As we come to the first anniversary of the Sandy Hook Elementary School massacre at Newtown, Conn., support for restrictions on guns is falling in public polls.

A CNN/ORC poll released last week shows that support for making gun laws more strict dropped from 55 percent in January to 49 percent in November, while a Gallup survey shows that support for stricter gun laws has fallen from 58 percent right after the Sandy Hook shootings to 49 percent in October 2013.

But one bit of gun regulation passed the GOP-controlled U.S. House of Representatives last week: A 10-year extension of the 1988 Undetectable Firearms Act, which bans guns that can't be spotted by metal detectors.

The bill passed the U.S. Senate earlier this week, but Sen. Chuck Schumer was unsuccessful in his effort to expand the legislation to prevent gun owners from using 3D printers to build plastic gun parts that could be used to bypass metal detectors.


It appears that former lawmaker Terri Proud is not headed back to the Arizona Legislature.

Proud, who was elected to one term in 2010, had said earlier this year she was interested in making a comeback in Legislative District 11, a GOP-leaning district that stretches from Oro Valley up to the town of Maricopa. But last week, she told The Skinny she was giving up on the idea of running again.

Part of the reason goes back to the $800,000 claim that Proud has filed against the state following her dismissal from a job the Department of Veteran Affairs. Proud was canned from the job before she even started after she said during an interview with Arizona News Service that women might have trouble serving in combat because of their menstrual cycles.

"I personally think it's unethical to have a notice of claim against the state while running," Proud said via Facebook.

Here's how the LD 11 race is shaping up without Proud: There are no incumbents in the House race because Rep. Adam Kwasman has congressional ambitions, while Rep. Steve Smith is making a move for the LD11 Senate seat being vacated by Sen. Al Melvin, who has gubernatorial ambitions.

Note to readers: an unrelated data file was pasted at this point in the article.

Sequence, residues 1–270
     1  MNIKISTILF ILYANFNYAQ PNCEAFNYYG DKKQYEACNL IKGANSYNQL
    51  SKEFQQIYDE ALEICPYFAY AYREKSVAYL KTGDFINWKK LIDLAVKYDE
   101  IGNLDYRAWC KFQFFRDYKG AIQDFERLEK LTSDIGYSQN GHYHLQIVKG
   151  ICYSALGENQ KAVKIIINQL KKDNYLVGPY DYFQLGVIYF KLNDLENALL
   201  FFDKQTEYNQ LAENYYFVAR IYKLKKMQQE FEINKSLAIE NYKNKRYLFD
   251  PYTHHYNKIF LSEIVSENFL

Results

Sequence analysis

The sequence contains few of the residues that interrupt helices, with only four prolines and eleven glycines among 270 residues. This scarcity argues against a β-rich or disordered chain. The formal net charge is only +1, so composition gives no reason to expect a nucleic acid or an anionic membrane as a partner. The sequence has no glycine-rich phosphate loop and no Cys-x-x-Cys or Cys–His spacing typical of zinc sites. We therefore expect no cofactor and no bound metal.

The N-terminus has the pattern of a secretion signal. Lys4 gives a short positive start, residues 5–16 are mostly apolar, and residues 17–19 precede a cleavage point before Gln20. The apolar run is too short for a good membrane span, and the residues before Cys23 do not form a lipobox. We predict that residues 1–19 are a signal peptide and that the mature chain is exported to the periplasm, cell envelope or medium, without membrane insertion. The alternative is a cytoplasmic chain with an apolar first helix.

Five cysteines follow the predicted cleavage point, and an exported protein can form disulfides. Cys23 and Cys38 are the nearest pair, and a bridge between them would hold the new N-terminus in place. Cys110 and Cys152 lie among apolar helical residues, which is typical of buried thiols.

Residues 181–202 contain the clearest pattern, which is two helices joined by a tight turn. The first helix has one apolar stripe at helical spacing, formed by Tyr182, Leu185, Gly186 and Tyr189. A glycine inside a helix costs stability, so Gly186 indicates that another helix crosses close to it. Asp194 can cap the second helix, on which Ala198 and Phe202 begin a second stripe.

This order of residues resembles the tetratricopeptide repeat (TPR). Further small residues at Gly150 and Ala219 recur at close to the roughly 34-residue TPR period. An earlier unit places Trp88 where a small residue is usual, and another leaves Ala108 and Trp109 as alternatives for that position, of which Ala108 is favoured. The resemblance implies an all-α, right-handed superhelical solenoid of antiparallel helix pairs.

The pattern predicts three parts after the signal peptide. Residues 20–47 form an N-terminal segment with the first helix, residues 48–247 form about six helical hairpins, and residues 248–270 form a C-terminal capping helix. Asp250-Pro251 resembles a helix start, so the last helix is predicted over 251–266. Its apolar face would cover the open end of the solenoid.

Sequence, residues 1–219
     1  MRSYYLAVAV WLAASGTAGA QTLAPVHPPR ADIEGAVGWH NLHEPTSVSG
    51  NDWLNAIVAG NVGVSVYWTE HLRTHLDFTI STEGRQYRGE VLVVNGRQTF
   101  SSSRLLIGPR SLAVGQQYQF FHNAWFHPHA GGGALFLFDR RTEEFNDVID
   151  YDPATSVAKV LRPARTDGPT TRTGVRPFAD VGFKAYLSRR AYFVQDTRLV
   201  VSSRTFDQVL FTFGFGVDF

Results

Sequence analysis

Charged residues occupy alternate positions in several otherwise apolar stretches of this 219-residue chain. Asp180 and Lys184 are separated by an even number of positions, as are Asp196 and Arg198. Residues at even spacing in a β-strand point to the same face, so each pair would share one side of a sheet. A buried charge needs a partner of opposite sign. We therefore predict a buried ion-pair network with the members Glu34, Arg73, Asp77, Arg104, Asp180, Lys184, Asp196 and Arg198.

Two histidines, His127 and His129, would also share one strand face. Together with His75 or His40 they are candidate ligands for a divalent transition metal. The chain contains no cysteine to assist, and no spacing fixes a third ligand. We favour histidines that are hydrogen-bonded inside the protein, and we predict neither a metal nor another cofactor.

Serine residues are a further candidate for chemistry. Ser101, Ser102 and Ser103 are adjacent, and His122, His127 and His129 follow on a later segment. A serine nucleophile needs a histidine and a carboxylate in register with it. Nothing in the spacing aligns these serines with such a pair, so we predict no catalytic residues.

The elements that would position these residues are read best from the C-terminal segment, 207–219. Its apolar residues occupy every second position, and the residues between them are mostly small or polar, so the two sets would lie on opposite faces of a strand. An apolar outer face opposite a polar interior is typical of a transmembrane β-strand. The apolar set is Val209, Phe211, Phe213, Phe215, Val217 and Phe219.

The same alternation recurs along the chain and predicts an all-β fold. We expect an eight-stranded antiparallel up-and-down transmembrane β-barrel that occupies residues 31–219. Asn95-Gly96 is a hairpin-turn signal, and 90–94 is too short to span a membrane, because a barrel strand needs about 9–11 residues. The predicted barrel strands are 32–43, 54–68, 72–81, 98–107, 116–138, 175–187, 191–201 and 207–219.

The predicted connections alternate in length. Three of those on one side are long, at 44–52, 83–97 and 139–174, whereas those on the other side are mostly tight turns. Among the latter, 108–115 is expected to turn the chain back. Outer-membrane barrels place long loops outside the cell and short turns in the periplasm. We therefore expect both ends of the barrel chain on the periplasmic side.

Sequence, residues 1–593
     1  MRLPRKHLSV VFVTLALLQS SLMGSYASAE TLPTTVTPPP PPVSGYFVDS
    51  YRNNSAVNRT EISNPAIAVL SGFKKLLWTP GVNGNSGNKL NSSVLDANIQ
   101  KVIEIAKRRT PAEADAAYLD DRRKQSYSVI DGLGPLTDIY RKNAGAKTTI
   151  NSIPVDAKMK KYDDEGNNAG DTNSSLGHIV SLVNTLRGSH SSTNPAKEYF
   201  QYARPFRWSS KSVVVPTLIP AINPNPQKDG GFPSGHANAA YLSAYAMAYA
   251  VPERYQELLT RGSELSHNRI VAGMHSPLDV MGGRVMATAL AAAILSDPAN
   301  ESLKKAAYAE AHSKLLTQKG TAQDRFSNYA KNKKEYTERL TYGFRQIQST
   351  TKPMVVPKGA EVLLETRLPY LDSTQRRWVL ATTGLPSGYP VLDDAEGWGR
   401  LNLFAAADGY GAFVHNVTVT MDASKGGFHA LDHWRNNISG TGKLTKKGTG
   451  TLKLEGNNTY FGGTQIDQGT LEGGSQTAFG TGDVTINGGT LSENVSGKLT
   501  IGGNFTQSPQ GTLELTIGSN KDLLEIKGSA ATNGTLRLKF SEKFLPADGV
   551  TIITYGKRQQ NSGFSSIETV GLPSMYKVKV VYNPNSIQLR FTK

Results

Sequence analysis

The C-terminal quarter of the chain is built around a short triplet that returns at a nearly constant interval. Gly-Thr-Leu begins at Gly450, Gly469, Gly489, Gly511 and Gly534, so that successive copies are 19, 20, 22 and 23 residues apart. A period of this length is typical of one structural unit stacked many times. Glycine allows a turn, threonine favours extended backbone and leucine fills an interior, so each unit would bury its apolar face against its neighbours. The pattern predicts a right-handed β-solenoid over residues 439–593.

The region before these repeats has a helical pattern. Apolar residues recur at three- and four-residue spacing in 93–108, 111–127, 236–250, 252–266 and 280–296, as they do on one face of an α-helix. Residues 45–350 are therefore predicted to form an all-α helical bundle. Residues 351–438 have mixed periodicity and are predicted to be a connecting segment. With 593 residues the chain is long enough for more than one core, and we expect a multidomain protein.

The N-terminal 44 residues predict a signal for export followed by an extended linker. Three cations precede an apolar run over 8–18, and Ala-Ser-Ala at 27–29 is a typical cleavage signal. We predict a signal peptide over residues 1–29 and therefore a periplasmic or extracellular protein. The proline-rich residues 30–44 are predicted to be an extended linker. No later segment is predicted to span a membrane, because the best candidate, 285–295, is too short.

Republicans Vince Leach and Mark Finchem have formed a slate for the House seats and are teaming up with Smith. Leach is a Republican activist in SaddleBrooke who has already won the endorsement of GOPers like Kwasman and Jonathan Paton; Finchem is a former fire fighter and cop who has also worked for a software company and in real estate.

Republican Bob Westerman, a former chair of the Pima County Republican Party, is also collecting signatures for an LD11 House run.

The latest Republican to launch a House campaign is Scott Bartle, a Maricopa resident who has served on the Maricopa Unified School District as well as the Maricopa Parks, Recreation and Libraries Committee.

Bartle has owned a marketing company and a news website,

"Our government needs pragmatic problem-solvers who can build effective coalitions and get things done," said Bartle in a press release. "My experience in public policy at the local level and insatiable desire to do what's best for my constituents will help ensure I'm an effective representative of the residents and communities in District 11 and our great state."


Pima County pulled off a big land grab last week: It acquired 818 acres of state trust land to expand Tortolita Mountain Park.

Pima County had wanted the parcel for some time and was finally able to use a state Growing Smarter matching-fund grant of $1.2 million dollars, along with some development fees and general-fund dollars, to purchase the parcel at a State Land Department auction.

The total cost of the purchase was $2.45 million.

Tortolita Mountain Park, located north of Tucson, contains more than 5,600 acres of open space.